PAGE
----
Coffee and Tea

November 26, 2003

Some countries have a coffee culture (like the US, with a Starbucks on every corner), while other countries have a tea culture, where it is the primary hot, caffeinated beverage. The US, along with Italy, France and Germany are examples of coffee countries. China, England, Japan and Russia are tea countries.

Why certain countries prefer one beverage over the other appears to be a function of trade routes, colonial exploits and geography. Tea spread out from China, which is the oldest and second-largest producer of tea in the world. India is the largest.

Coffee was first harvested in Africa and first roasted in the Middle East. Today, Brazil and Columbia are the largest coffee producers, followed by Indonesia, Vietnam and Mexico. The American preference for coffee is likely linked to the Monroe Doctrine and a preference for trade with countries in the western hemisphere.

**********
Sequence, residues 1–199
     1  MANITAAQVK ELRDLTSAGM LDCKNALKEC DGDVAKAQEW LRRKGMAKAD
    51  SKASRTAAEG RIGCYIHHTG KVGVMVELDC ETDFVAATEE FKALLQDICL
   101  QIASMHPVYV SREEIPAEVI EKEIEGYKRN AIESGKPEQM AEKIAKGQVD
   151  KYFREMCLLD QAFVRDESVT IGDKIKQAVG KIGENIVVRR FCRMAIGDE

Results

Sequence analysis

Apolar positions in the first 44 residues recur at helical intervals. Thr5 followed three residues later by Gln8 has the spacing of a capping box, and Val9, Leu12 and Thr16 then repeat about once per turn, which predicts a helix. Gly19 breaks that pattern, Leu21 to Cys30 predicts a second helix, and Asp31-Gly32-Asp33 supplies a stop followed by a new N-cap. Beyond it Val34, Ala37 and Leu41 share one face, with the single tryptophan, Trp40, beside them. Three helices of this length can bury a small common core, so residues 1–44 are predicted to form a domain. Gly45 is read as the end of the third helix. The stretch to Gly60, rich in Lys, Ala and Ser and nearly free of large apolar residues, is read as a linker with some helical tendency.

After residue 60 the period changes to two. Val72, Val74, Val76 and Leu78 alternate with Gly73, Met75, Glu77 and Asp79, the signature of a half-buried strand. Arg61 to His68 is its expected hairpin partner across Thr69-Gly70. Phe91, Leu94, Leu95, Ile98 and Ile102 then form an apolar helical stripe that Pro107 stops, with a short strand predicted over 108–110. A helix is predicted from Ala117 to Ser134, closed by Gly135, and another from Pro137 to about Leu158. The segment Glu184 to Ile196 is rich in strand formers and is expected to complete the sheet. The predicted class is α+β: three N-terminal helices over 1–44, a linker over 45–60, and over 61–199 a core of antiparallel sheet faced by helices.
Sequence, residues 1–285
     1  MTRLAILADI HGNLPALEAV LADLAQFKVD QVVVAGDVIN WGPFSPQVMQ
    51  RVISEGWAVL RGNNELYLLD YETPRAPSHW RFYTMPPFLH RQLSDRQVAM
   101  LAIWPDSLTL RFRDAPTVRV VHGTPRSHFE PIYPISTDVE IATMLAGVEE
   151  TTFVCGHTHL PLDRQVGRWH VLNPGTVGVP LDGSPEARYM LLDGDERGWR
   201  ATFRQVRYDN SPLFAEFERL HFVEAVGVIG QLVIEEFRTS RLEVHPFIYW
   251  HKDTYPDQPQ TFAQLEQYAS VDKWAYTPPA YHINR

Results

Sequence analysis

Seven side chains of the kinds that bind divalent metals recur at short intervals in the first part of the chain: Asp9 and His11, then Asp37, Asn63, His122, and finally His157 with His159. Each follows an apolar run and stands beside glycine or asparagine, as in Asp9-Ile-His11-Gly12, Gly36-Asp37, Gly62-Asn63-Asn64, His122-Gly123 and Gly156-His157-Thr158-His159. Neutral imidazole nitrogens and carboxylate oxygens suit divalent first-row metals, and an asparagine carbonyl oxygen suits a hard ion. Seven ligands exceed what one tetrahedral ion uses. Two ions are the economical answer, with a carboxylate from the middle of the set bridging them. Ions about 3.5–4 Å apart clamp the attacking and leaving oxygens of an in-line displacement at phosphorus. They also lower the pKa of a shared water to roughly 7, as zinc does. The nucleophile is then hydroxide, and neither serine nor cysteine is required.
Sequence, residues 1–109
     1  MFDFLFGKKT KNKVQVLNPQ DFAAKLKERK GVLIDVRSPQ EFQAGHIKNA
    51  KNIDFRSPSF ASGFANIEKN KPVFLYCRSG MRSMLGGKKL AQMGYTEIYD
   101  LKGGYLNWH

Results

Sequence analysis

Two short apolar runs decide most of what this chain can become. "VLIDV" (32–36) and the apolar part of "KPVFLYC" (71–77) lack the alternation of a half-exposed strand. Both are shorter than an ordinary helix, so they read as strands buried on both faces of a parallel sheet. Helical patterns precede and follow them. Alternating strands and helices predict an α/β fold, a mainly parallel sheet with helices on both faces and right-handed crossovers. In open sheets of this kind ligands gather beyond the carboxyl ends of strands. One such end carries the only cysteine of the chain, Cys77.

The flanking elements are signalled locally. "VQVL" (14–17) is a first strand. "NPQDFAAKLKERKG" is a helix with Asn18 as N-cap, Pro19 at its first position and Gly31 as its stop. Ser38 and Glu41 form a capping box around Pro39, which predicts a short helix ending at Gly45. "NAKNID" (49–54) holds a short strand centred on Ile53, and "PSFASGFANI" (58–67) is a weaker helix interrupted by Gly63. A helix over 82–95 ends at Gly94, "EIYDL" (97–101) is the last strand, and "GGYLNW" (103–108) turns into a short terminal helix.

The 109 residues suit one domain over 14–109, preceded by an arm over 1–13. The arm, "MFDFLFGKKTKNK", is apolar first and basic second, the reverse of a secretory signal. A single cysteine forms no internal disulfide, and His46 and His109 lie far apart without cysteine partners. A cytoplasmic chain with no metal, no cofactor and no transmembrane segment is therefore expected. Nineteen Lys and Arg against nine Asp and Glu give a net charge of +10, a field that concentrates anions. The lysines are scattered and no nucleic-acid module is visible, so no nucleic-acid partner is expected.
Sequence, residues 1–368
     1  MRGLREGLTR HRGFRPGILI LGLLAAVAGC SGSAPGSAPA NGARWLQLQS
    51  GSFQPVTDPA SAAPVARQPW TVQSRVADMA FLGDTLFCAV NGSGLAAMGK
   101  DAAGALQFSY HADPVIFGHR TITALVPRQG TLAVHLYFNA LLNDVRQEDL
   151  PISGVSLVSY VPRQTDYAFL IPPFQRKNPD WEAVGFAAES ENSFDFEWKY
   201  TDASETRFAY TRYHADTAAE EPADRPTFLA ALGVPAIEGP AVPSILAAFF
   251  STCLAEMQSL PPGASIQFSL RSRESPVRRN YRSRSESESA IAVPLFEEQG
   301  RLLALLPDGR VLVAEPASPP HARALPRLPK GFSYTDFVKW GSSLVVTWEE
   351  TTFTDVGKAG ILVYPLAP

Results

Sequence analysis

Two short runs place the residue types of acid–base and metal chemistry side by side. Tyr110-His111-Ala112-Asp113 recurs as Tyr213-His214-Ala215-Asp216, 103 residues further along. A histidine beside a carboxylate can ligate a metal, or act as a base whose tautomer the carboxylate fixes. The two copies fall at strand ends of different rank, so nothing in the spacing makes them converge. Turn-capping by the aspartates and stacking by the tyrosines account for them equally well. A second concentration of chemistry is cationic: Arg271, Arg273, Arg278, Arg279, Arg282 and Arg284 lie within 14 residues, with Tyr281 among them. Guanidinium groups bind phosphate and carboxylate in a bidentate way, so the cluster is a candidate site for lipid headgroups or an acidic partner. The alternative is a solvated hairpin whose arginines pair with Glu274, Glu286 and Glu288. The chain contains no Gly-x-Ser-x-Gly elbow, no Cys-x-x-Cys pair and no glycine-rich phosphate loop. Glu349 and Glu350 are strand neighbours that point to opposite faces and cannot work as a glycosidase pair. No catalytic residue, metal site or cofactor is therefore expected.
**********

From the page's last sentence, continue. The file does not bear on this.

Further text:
Is there any correlation between cultural attitudes and whether a country is a coffee or tea country? Do coffee-drinking cultures tend to share certain traits and characteristics while tea-drinking cultures share others?

Posted by Andrew Raff at November 26, 2003 11:16 AM
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Hmmm. It's odd that England is a tea drinking country in homes, but in public it's a coffee country. It is impossible to get anything other than a strong acerbic brown tea from shops and cafes (including the prevalent Starbucks).

Posted by: Chris on November 30, 2003 06:24 AM